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By SChaconas - Published April 16, 2012 - Viewed 1827 times
This has been the busiest March/April I've ever had in spite of very windy conditions in the last few weeks. Warmer weather moved the fish shallow earlier this year, but sub aquatic grasses are nowhere to be found where I fish. This means I have to introduce my clients to crankbaits that dive about 3 feet. This is a tougher thing to do as most consider crankbaits as "idiot" baits - that is any idiot can toss them out and crank them back to the boat. NOT TRUE! These baits are finesse lures, being crawled through shallow cover, like rock and wood. They can and do become snagged, if not finessed!
When introducing clients to these crankers, I first make sure they can cast. I take them to my spots and let them cast after a brief overview. Then I help them tweak, stressing accuracy over distance. To become more accurate, you must pick a target on every cast. Next is lure control. Lowering the rod can make the bait run deeper and lifting it enables lures to crawl over cover. The key is contacting cover and not getting snagged. Cover is holding fish and bumping and stopping are the best ways to entice fish to come out of cover to eat lures. Here, I use a few techniques - I'll stop when I hit cover to allow the bait to float up. Not long either. A split second is enough. Next, after bumping and floating, I'll twitch the lure, pull the lure, or jerk it. This is varied on every retrieve. Sometimes a pattern will develop.
But casting is really key. I had a trip where the clients insisted on casting as far as they could throw. These lures will go a mile on spinning gear. The trouble was, they were outcasting the hot spot. In addition, the water they came through was loaded with algae and the hooks became fouled before their baits made it to the strike zone. Also, I was able to make more casts in productive water by making shorter casts. After I caught a few, they wondered if it was the color of my bait, totally ignoring my casting instruction. Noting this, I cut my lure off and tied to one client’s line and got another identical for the other client. I took his lure and tied to mine and continued to catch fish. It was only then did they stop and take note and started catching fish.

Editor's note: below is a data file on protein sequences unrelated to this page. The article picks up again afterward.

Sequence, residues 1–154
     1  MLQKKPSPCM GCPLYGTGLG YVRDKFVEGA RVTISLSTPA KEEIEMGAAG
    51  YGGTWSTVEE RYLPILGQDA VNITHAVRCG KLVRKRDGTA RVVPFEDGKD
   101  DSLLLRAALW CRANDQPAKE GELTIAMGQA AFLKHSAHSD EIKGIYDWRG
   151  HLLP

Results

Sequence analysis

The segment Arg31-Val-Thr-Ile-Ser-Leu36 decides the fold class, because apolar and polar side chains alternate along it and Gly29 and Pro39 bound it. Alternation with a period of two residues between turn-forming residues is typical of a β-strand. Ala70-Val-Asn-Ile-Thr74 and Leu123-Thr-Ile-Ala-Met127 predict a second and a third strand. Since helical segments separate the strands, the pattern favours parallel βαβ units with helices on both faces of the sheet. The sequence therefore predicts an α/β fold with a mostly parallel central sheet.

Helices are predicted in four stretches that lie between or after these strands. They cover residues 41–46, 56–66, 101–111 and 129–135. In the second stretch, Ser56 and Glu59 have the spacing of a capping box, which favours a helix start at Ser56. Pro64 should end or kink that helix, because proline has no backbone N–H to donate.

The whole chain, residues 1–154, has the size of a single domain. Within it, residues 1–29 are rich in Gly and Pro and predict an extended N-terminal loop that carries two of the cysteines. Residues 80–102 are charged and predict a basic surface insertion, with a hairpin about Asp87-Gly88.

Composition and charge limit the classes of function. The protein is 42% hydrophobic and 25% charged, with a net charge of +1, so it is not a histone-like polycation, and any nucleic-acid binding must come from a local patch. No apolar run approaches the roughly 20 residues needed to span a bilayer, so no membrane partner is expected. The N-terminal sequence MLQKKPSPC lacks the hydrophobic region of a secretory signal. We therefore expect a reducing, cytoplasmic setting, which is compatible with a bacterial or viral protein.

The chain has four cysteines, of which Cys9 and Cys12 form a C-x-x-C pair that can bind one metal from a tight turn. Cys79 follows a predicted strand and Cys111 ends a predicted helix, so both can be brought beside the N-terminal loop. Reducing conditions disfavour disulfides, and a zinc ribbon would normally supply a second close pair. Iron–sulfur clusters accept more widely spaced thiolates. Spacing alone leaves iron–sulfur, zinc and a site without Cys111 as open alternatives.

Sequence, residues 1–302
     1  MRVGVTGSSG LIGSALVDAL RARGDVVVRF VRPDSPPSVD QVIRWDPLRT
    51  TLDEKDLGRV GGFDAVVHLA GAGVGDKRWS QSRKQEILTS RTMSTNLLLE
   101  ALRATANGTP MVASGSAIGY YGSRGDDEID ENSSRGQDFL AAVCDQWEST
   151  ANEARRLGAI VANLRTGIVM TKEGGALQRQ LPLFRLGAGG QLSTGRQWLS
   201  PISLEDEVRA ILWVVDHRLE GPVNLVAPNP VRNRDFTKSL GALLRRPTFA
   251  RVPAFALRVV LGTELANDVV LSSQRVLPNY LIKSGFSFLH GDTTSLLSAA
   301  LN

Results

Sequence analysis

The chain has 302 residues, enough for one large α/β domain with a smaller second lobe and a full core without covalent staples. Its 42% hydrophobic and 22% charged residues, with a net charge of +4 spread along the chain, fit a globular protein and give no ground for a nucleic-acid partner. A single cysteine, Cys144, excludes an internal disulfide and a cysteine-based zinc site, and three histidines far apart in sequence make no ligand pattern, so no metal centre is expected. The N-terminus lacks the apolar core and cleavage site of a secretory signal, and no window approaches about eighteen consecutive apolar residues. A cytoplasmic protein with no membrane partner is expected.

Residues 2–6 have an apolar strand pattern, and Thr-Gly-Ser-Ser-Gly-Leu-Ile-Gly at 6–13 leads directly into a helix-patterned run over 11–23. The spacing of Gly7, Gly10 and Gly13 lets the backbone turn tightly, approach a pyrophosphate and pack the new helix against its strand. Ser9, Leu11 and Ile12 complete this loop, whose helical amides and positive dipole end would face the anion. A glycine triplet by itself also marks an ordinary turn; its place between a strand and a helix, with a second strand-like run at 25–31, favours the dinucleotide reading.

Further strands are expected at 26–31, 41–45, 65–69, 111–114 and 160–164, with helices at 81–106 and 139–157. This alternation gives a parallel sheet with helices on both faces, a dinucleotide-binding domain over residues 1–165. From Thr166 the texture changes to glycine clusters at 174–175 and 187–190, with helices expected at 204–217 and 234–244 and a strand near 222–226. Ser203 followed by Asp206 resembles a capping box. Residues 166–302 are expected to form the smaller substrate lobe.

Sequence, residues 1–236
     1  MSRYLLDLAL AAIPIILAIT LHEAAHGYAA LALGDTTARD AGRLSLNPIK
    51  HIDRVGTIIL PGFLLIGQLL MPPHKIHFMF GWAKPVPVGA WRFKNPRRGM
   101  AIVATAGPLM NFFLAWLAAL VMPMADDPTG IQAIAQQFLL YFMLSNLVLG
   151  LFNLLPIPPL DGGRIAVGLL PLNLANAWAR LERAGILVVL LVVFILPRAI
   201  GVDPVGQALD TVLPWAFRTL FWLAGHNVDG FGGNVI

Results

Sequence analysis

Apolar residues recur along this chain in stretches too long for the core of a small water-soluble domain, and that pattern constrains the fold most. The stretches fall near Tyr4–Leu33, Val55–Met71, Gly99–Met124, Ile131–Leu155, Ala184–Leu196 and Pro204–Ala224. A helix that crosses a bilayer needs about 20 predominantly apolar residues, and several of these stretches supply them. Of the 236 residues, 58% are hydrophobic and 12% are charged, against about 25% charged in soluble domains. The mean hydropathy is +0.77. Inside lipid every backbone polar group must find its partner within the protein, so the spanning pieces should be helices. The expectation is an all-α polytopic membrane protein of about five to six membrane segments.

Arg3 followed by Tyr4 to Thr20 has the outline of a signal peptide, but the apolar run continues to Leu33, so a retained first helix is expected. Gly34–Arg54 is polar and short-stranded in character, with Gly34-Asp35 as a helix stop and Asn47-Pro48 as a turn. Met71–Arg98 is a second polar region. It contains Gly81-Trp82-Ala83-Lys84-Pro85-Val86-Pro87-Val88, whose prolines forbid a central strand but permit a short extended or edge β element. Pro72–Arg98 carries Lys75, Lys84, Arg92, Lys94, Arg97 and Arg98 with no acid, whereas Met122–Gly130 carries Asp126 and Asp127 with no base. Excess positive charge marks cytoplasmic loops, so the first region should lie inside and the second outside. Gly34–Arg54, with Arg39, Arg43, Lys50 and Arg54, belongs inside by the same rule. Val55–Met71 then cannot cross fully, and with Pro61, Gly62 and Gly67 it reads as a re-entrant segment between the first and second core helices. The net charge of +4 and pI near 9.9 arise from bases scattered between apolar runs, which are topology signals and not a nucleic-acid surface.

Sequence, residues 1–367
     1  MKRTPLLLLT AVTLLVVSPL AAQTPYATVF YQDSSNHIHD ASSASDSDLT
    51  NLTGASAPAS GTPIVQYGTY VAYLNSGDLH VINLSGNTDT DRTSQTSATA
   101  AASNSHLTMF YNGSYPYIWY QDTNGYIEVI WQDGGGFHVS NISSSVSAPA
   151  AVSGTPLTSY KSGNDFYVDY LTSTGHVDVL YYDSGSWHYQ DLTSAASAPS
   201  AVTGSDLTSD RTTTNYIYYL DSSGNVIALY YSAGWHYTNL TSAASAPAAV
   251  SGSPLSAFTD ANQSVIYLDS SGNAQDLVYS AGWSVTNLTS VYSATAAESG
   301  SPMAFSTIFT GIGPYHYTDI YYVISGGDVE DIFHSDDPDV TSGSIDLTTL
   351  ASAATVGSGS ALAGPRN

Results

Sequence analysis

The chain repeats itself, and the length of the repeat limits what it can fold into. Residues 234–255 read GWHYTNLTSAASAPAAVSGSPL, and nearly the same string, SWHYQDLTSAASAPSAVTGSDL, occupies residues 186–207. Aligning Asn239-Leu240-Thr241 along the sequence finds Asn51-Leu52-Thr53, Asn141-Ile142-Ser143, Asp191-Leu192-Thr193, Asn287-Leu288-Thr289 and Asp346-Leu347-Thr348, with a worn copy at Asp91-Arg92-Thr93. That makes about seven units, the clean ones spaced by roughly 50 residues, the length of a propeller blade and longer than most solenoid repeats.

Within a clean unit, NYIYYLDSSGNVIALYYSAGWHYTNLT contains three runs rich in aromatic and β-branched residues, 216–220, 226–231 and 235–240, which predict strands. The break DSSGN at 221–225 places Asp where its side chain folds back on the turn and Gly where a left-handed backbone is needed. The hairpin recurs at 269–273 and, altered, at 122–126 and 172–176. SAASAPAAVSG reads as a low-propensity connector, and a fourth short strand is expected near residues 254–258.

Another trip to note was with a 10 year old and his dad. The kid worked his tail off and was rewarded with a very nice Potomac River bass!I n fact, I had him using a lipless crankbait, much more difficult than a floating crankbait as it is crawled on the bottom. He made his own casts, worked the bait properly and was rewarded! He said he thought he was snagged when the fish hit. Then when he saw the line moving, he thought he had a fish, but when the fish jumped, he knew he had a fish.
I look forward to a great season and fishing with my regular clients along with new ones!
Have fun and BE SAFE!
Capt. Steve Chaconas
National Bass Guide Service
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